Finite element simulation of three dimensional residual stress in the aortic wall using an anisotropic tissue growth model.


Tissue Mechanics Laboratory, The Wallace H. Coulter Department of Biomedical Engineering, Georgia Institute of Technology, Atlanta, GA 30313-2412, United States. Electronic address: [Email]


Residual stress is believed to play a significant role in the in vivo stress state of the arterial wall, but quantifying residual stress in vivo is challenging. Based on the well-known assumptions that residual stress is a result of heterogeneous arterial growth and that it homogenizes the transmural distribution of arterial wall stress, we propose a new anisotropic tissue growth model for the aorta to recover the three-dimensional residual stress field in a bi-layer human aortic wall. Finite element simulations showed that the predicted residual stress magnitude with this method are within the documented range for human aorta. Particularly, the homeostatic inter-layer stress difference is identified as a key parameter to quantify the opening angle. To the authors' knowledge, this is the first finite element study employing anisotropic growth of aortic tissue in a bi-layer model to generate three-dimensional residual stress field, and the resultant opening angle can match with the experiments. A parametric study found that inter-layer stress homogeneity, arterial blood pressure, axial pre-stretch, and material stiffness strongly affect the residual stress field.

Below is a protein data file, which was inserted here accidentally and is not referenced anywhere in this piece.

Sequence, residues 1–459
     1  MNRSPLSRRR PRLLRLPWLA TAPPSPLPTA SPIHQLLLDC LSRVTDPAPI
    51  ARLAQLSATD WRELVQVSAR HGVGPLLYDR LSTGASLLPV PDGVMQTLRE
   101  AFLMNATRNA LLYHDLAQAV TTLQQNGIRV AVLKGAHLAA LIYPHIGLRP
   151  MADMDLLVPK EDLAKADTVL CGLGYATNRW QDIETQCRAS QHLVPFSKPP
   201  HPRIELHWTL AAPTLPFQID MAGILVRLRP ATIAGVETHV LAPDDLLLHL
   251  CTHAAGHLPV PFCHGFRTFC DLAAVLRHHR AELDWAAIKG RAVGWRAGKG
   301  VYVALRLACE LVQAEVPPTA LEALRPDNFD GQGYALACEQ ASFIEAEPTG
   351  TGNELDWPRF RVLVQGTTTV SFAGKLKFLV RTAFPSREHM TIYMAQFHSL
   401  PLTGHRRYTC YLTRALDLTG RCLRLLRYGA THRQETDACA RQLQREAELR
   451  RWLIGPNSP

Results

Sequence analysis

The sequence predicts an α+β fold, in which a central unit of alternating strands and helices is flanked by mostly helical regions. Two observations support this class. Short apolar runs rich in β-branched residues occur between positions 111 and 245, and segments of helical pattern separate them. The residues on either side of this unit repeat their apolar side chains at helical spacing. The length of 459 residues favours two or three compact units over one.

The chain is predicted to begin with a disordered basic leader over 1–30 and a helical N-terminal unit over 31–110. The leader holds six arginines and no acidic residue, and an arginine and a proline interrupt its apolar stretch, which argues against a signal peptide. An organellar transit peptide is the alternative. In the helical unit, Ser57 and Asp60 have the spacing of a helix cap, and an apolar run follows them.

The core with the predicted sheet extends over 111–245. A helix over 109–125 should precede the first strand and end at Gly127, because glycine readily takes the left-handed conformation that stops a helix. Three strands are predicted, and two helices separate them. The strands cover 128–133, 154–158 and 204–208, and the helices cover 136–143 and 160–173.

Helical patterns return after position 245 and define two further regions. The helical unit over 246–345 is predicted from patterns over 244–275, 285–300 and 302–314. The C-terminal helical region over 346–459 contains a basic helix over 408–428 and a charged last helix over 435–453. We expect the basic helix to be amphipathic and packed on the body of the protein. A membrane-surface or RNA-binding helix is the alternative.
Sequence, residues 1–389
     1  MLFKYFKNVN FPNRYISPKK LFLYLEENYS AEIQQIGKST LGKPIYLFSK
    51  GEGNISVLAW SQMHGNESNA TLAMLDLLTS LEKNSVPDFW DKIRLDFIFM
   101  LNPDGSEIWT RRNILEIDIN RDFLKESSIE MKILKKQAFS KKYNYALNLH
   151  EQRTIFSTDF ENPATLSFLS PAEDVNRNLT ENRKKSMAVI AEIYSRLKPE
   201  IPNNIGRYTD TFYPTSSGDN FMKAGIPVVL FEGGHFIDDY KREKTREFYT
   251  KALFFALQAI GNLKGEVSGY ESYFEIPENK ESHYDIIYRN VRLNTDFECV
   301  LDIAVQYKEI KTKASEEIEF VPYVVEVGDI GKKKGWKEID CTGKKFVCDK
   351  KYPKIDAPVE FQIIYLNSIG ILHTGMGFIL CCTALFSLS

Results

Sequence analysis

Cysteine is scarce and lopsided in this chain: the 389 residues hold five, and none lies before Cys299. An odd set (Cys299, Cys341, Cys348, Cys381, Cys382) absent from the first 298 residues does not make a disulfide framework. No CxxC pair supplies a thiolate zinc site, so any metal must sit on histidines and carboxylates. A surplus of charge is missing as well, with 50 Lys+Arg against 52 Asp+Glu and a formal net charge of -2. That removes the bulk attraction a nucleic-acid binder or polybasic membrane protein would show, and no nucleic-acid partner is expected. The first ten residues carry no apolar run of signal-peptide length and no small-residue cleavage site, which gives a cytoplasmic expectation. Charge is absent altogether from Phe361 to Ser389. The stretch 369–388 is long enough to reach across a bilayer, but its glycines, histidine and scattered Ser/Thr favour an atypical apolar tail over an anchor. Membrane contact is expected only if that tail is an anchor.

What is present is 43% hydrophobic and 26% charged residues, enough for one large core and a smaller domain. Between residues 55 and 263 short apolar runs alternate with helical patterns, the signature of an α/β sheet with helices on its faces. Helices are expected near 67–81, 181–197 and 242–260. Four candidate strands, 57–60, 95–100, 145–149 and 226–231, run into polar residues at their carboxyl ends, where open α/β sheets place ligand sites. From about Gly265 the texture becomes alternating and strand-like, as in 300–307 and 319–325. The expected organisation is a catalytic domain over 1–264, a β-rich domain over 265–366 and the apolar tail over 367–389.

Anisotropic growth,Artery,Finite element method,Residual stress,